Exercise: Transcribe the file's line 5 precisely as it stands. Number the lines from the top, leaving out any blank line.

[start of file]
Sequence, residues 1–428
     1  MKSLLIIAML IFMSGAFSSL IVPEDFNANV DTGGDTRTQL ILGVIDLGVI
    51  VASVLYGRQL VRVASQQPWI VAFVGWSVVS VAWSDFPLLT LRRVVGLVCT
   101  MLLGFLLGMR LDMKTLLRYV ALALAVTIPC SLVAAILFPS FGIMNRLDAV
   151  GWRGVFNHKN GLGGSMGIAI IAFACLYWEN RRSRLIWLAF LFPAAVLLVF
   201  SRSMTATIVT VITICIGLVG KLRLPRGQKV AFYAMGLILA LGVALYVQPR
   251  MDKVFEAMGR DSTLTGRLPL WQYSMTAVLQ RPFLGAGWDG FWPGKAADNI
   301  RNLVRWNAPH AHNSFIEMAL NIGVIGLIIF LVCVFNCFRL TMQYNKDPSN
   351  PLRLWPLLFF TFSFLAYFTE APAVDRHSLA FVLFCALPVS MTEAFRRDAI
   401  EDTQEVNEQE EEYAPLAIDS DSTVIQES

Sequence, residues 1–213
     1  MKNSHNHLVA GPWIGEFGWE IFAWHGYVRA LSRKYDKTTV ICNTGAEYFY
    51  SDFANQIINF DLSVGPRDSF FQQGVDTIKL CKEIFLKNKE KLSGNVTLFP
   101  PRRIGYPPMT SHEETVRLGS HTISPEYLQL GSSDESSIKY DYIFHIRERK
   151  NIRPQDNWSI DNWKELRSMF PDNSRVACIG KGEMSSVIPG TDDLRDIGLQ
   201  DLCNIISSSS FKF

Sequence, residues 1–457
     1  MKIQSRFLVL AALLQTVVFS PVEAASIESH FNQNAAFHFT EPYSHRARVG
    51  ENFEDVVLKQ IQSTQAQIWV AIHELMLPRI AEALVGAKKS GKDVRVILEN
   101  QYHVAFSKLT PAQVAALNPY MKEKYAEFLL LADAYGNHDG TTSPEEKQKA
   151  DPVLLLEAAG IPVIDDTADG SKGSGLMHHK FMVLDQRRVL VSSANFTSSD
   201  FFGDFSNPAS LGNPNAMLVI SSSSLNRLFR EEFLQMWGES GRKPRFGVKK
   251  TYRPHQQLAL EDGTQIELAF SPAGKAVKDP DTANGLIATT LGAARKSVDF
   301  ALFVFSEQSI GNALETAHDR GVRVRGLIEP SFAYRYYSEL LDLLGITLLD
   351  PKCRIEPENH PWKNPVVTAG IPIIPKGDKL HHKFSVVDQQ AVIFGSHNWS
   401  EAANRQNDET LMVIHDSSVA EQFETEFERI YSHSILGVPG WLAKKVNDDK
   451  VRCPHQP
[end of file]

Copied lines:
   151  GWRGVFNHKN GLGGSMGIAI IAFACLYWEN RRSRLIWLAF LFPAAVLLVF